Paul McKibben reports:
In the tiny Warren County hamlet of Twenty Mile Stand, a brick stagecoach stop once stood at Montgomery and Columbia roads.
The year was 1822 and one of Warren County’s own – Jeremiah Morrow – was elected the ninth governor of Ohio. Morrow was originally from Pennsylvania but moved to Ohio in 1795. He later purchased property in Deerfield Township and constructed a log house, according to the Ohio Historical Society.
The Twenty Mile House “was basically the only tavern, the only place to come and congregate,” said Karen Dinsmore, a Deerfield Township resident who has researched the history.
Because there was no governor’s mansion in Columbus, Morrow stayed a mile away from Twenty Mile Stand at his home on Davis Road. Morrow’s decision to spend so much time at home caused the need for a larger post office and a bigger tavern, where his visitors could stay.
The Twenty Mile House in Twenty Mile Stand was erected to fulfill those needs.
It was not the first building at the site. In 1804, a year after Ohio joined the Union, the state constructed a road to connect Cincinnati to Chillicothe (the state capital from 1803 to 1810). Because travel in those days was by horseback and very slow, stands were built every four miles that included taverns for food and lodging and liveries for horses.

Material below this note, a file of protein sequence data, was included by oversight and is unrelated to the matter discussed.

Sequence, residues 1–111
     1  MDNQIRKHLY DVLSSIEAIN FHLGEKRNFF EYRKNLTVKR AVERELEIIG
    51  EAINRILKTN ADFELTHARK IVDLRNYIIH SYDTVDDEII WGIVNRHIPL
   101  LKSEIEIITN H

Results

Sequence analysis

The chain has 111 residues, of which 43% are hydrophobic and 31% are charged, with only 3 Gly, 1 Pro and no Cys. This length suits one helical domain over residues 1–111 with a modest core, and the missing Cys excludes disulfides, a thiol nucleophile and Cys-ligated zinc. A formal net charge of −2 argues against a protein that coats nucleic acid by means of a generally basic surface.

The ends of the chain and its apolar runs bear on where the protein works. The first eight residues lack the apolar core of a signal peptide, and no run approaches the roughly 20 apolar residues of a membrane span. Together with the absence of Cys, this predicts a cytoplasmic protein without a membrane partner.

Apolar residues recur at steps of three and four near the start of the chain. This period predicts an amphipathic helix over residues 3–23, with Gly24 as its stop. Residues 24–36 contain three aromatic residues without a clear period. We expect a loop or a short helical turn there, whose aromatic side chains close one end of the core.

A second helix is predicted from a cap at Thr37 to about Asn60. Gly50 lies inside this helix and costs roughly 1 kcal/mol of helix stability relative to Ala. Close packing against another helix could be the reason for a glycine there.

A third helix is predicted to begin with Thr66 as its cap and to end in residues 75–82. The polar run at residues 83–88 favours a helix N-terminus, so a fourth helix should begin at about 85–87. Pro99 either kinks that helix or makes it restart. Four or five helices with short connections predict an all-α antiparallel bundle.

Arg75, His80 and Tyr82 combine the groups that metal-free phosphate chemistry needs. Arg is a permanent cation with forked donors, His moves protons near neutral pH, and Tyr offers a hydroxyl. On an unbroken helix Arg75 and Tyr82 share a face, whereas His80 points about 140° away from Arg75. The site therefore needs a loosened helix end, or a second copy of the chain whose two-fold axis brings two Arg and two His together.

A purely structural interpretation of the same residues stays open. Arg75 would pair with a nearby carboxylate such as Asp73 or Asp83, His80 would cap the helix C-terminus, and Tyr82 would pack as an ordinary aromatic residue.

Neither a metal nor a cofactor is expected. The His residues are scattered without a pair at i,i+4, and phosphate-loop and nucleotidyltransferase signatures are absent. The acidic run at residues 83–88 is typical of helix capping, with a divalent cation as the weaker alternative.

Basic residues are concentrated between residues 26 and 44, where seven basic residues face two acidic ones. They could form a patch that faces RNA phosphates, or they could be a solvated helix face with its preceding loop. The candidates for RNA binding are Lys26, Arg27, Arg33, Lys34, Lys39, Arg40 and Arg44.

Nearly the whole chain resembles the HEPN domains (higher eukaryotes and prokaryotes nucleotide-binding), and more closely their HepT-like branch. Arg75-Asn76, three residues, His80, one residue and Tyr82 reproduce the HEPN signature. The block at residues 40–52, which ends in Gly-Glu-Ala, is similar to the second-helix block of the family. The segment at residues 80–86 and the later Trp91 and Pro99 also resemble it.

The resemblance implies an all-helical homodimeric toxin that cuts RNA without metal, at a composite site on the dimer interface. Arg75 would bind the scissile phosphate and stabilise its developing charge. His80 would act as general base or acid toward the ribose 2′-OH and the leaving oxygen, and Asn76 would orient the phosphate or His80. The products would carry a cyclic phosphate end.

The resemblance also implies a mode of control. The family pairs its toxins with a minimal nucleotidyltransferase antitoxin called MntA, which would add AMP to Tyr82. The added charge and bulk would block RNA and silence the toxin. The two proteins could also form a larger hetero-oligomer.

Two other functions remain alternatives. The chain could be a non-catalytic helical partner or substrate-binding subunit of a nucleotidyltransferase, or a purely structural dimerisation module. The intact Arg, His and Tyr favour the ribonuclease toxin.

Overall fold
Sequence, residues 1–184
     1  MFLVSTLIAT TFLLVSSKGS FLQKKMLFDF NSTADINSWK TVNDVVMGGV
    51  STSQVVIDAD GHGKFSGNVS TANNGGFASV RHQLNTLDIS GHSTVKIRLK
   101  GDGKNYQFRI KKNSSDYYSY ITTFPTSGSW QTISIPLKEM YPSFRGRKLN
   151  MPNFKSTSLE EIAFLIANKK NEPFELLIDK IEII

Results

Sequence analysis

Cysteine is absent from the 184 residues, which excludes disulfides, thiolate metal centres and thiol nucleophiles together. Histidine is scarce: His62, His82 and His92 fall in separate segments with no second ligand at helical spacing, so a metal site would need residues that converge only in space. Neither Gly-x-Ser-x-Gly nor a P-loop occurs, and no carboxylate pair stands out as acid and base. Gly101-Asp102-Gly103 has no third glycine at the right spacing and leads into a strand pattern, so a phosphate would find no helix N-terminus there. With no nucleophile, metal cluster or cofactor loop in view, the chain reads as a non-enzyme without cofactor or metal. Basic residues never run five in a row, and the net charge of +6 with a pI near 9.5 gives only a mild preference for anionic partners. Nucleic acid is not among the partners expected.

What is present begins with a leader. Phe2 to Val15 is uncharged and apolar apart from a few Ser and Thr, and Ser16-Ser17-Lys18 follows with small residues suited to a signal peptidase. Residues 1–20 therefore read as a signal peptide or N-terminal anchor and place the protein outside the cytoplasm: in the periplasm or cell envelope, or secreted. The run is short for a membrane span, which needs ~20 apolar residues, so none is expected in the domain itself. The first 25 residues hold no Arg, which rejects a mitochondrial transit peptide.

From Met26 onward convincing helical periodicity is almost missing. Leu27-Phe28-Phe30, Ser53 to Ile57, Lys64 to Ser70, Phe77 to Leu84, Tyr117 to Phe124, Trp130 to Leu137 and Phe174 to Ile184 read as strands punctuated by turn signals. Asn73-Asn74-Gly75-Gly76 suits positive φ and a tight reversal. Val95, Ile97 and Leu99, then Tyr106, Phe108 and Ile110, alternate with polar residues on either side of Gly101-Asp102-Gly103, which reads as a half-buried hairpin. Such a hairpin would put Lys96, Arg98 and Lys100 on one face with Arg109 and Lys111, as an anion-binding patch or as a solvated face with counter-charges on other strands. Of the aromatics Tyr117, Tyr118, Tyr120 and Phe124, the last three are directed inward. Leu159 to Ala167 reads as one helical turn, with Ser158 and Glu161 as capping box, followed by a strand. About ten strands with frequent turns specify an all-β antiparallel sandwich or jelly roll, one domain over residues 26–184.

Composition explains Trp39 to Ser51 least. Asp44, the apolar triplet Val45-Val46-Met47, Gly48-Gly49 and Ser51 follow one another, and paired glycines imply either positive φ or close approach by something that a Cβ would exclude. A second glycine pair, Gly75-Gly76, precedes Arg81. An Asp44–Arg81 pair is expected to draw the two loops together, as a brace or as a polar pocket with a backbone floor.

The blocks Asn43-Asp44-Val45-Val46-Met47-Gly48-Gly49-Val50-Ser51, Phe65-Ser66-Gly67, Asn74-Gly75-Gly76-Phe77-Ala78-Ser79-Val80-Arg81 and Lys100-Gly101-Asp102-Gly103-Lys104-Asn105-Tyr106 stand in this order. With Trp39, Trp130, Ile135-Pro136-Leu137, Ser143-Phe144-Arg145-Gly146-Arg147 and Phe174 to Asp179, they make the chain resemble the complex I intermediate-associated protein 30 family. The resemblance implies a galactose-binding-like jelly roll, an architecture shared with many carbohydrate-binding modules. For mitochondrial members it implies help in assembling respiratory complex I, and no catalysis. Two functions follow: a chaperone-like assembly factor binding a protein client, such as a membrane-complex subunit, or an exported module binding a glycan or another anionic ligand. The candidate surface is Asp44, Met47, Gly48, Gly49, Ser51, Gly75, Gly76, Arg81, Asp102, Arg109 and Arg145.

The original Twenty Mile House was built in 1804 where the highway crossed Columbia Road. The name “Twenty Mile” refers to the distance to Cincinnati.
David Espy – brother of Warren County settler Thomas Espy – constructed what Dinsmore called “a grand new brick building” on the site of the original stand to house the new post office and larger tavern.
Dinsmore said parts of the 1804 building, including fireplaces, might have been incorporated in the 1822 Twenty Mile House. The 1822 building had a tavern on the first floor and lodging on the second floor. Espy owned the first Twenty Mile House starting in 1810 and the subsequent new one the rest of his life.
“Since his niece Nancy Espy and John Morrow – the governor’s oldest son – were married that year, (Espy) was anxious to impress the governor with this new Twenty Mile House,” Dinsmore said.
The most famous visitor in the early history of the Twenty Mile House was folk hero John “Johnny Appleseed” Chapman. Espy brought the fellow Swedenborgian church member there.
The Twenty Mile House housed Jeremiah Morrow’s books and the building’s library became known as the Warren Library, a public institution. Every year when Morrow returned from the East when he served in Congress, Dinsmore said, he brought back books to share with area farmers. John Morrow closed the library after David Espy died in 1863.